z The state machinery for suppressing freedom of expression e.g. the Rowlett Act and
military / police control:
z The Jalianwala Bagh incident / the Meerut Conspiracy Case
z Divide and Rule policy: using community/caste/perceived/ ethnic groupings to divide and
anti-colonial movement, e.g., supporting the demands of the Muslim League; the
Communal Award of 1932; interfering in caste politics such as the temple entre issue
z The Princely states and the British Government: the creation of an alternative loyalist base
z Economic policies from 1914 to 1945 e.g. limited industrialisation; currency regulation after
the First World War; high taxation even in famine conditions: (Gujarat, 1918,1928): the
Bengal Famine

6. The Second World War and the Colonies

A: India, 1940-46
Linlithgow Offer --- Cripps Mission --- the Indian response and the Quit India Movement-
Subhas Bose and the INA - INA Trials --- RIN Revolt - the backdrop to the Transfer of
Power: The British government’s role: Cabinet Mission - Constituent Assembly -
Mountbatten’s negotiations - Mountbatten Award - Transfer of power - The Indian


B: Japan and the Second World War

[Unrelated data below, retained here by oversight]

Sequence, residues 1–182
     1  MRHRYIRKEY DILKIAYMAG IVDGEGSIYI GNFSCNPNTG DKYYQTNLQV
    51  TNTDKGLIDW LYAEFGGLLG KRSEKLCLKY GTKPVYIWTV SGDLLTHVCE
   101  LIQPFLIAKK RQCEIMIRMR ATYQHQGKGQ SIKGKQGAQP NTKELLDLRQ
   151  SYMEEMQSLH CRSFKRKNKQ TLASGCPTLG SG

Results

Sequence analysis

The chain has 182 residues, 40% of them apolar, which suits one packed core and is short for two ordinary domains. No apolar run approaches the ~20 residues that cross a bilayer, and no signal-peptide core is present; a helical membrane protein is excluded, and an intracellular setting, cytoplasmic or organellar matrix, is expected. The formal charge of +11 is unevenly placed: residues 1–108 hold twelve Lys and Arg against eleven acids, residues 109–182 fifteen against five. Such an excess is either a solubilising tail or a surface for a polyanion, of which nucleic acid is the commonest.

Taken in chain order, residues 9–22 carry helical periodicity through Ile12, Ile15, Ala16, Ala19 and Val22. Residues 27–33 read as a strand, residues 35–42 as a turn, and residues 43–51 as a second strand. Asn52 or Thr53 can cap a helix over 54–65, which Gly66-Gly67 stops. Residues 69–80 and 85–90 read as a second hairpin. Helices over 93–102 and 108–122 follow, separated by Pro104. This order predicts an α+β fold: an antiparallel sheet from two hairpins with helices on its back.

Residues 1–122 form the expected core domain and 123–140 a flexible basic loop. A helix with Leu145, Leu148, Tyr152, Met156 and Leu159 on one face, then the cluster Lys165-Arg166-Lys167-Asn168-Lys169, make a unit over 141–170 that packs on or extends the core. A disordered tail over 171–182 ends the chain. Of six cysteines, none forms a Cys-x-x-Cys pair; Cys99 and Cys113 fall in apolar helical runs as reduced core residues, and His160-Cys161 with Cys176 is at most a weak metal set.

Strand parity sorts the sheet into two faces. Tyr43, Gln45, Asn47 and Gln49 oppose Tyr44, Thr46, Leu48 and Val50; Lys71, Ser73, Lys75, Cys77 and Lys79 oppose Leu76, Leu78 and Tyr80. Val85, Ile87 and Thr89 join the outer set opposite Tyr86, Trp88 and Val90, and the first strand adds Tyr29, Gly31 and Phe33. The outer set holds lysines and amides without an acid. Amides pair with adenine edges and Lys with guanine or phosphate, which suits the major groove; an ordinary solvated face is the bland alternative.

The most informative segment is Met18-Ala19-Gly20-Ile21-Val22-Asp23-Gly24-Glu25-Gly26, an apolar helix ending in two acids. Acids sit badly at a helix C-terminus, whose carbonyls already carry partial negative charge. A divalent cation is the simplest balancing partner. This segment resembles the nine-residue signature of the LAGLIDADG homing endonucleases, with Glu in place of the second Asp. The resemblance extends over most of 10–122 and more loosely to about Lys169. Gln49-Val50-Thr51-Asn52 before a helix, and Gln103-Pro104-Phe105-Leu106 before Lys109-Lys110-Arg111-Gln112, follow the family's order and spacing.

‘Asia for Asians”--- Japan and China - Japanese advance through South-East Asia and
the consequent linking up with the INA.

C: Changed situation in the European colonial in S.E. Asia, e.g. Indochina and Indonesia.

7. The Era of the Cold War

A: The Cold War
Theoretical basis --- inception---developments from 1942 to 1948 --- the Truman Doctrine and the
Marshall Plan --- the military alliances --- Impact---the Berlin Crisis---Eastern Europe under the
U.S.S.R. ---Suez Crisis---Cuban Missile Crisis---Korea and Vietnam

B: The Nuclear Arms Race and Peace Initiatives

C: Non-Alignment
The Political Background ---its principles ---building up the movement ---Bandung, Belgrade and
subsequent conference ---an evaluation

D: The Arab World: Israel vs. the Arab World ---Oil Diplomacy

E: People’s Republic of China: Its rise and plae in World Politics.

8. Decolonisation
A: Defination of the term; social, political and economic implications manifestations; develop-
ment programmes and Nation building.
B: Africa: case study - Algeria.
C: South-east Asia: case study - Indonesia.
D: Nation building in South Asia
z Varying political experiences in South Asia - Emergence of Bangladesh - a brief study of
political systems in India, Pakistan and Bangladesh.
z The economic organisation of India - economic planning - heavy industries and
technological advances - socialist underpinnings of economic planning - liberalisation,
how succssful.
z Regional co-operation - SAARC.

9. The New World

(For Project Work-on any one topic, 750-800 words)